Loss of PTDSS1 in tumor cells improves anti-PD-1 therapy

Jielin Liu, The University of Texas MD Anderson Cancer Center UTHealth Graduate School of Biomedical Sciences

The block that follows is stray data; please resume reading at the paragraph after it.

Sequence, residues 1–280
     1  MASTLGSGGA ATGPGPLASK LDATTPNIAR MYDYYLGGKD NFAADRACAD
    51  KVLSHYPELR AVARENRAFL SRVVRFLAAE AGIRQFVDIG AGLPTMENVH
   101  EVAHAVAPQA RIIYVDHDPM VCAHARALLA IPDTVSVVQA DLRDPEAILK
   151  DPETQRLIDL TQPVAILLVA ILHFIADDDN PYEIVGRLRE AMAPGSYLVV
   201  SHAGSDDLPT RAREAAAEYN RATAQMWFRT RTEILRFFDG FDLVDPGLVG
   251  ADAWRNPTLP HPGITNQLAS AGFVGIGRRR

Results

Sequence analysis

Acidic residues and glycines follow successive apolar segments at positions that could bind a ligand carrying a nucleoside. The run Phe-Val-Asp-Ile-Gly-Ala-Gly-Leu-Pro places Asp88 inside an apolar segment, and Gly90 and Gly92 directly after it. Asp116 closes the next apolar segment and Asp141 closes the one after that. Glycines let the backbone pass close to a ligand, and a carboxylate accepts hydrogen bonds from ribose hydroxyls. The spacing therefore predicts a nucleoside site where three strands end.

PTDSS1 (Phosphatidylserine synthase 1) encodes an enzyme that facilitates production of phosphatidylserine (PS), which mediates a global immunosuppressive signal. Here, based on in vivo CRISPR screen, we identified PTDSS1 as a target to improve anti-PD-1 therapy. Depletion of PTDSS1 in tumor cells increased expression of IFNγ-regulated genes, including B2m, Cxcl9, Cxcl10, and Stat1. Loss of PTDSS1 in tumor cells also led to increased expression of MHC-I, which was associated with increased expression of cytolytic function related genes in CD8+ T cells and increased frequency of an iNOS+ myeloid subset. A gene signature derived from the iNOS+ myeloid cell subset correlated with clinical benefit in patients treated with anti-PD-1 therapy. Moreover, PTDSS1 knockdown in two different tumor models improved anti-PD-1 therapy. Together, our results provide insights on a new therapeutic strategy for overcoming immunosuppression elicited by PS and provide rationale for development of a combination immunotherapy strategy comprised of PTDSS1 inhibition plus PD-1 blockade.